Sometimes we traipsed to the Public Air Raid Shelter at the top of the road or to the nearby Underground Station. As we lived so near to the Common, we could see the great barrage balloons rising up against the skyline, like huge silver saucers, which seemed to cover the whole of London. Their cables were designed to stop low flights.
Many of the operators were women who valiantly kept them afloat. Sometimes one of these balloons had to be cut free in bad weather and we would gleefully watch them crash into chimney pots or into the trolley bus cables overhead! As soon as we saw these operators getting ready for the launch, we knew that we had about twenty minutes before the raids started, giving us time to collect our possessions together.
One of my earliest memories was watching the frightened people hurrying down the steps of the shelters, clutching their flasks and sandwiches, which were often filled with little more than dripping. We all carried our gas masks, incase of an emergency. Some of the children’s were brightly coloured and known as Mickey Mouse masks, which they slung around their necks.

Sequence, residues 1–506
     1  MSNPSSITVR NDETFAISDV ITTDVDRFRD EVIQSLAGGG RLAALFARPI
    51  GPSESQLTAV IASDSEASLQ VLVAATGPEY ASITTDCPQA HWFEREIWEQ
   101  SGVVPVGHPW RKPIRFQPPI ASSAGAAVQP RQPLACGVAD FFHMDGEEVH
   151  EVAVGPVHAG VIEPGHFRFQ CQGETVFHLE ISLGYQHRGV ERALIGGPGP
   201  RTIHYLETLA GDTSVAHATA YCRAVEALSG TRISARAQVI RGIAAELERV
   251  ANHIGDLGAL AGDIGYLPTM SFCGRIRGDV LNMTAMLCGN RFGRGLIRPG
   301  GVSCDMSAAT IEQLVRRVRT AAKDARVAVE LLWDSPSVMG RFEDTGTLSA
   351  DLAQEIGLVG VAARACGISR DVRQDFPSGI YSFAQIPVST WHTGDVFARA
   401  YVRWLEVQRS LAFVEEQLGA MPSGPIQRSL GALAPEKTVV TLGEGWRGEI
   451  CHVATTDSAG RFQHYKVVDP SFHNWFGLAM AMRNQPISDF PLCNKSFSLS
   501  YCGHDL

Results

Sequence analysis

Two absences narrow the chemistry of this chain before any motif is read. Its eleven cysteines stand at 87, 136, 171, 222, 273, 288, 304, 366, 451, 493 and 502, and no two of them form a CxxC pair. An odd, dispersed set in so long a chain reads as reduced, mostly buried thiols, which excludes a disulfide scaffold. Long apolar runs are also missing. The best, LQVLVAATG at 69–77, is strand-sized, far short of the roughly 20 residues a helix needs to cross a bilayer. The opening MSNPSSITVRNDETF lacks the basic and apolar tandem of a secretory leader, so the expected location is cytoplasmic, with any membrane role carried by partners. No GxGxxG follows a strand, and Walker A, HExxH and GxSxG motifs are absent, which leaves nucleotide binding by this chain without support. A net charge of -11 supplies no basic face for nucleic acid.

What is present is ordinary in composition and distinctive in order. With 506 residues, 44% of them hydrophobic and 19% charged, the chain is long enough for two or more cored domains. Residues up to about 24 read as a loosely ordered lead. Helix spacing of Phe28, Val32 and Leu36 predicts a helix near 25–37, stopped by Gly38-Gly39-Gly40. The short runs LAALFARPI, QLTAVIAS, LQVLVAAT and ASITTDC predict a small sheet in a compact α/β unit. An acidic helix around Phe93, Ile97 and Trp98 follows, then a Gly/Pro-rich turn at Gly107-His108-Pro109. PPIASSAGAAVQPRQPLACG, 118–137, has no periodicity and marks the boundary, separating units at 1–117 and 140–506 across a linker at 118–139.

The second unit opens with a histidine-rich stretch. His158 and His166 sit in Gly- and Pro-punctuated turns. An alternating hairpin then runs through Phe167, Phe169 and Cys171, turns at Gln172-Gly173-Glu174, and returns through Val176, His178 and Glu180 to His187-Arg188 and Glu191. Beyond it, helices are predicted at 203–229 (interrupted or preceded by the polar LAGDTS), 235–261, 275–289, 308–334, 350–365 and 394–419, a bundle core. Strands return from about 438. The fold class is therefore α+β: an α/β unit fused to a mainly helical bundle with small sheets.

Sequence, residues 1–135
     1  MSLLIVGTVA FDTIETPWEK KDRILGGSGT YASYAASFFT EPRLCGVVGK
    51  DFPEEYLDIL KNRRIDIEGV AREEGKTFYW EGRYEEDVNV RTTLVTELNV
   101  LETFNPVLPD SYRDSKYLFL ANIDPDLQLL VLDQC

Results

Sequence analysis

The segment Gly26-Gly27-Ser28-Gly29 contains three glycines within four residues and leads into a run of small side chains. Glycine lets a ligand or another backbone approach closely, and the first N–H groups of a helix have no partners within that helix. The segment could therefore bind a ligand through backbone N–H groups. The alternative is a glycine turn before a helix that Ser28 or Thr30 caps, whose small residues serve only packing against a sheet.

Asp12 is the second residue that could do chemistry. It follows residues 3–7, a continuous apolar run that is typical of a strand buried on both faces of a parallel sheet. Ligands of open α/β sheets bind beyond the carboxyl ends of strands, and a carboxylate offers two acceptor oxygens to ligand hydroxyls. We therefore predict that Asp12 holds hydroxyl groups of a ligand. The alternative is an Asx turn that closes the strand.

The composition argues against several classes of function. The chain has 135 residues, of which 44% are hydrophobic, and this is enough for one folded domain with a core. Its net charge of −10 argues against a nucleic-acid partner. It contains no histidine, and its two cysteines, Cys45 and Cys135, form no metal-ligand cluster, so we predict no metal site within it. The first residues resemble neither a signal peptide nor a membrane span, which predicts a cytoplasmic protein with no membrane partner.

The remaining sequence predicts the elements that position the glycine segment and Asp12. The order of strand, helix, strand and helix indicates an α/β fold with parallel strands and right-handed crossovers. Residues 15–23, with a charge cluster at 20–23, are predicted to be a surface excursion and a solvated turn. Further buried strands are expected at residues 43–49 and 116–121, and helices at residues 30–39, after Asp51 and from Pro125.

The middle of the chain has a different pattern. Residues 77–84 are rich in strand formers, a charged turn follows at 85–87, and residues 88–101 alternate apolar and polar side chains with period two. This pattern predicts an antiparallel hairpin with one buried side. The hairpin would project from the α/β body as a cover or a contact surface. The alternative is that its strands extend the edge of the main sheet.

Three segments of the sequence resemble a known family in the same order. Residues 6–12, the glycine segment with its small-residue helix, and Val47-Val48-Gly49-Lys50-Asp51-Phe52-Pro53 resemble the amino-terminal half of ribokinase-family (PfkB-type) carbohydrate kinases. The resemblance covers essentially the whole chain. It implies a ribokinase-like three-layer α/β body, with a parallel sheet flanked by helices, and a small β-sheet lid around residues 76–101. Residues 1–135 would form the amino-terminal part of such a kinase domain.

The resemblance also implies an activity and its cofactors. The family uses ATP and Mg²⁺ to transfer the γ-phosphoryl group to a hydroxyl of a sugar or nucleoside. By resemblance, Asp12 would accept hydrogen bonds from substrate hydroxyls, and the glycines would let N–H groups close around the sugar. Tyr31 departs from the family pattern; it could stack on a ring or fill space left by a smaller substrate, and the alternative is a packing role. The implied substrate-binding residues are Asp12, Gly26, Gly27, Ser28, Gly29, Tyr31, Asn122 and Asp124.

When the bombs began to rain down nightly, many decided that the London Undergrounds provided the safest shelters. At first the government were reluctant to allow their use as shelters. But once they realised passengers were buying one penny halfpenny tickets (cheapest available) to gain access — they realised they could not really prevent them!
Evening after evening, families started moving Tubewards, carrying their bedding to tuck their children in for the night. Gradually the platforms filled up and by the time of the 5-6 p.m rush hour alighting passengers had to step between the rows of people who had already “claimed their pitch”! The crowds ate, drank, chatted and laughed trying to keep up their spirits, pretending that nothing untoward was going on in the world above. One reporter said, “It was the most extraordinary mass picnic the world had ever known”!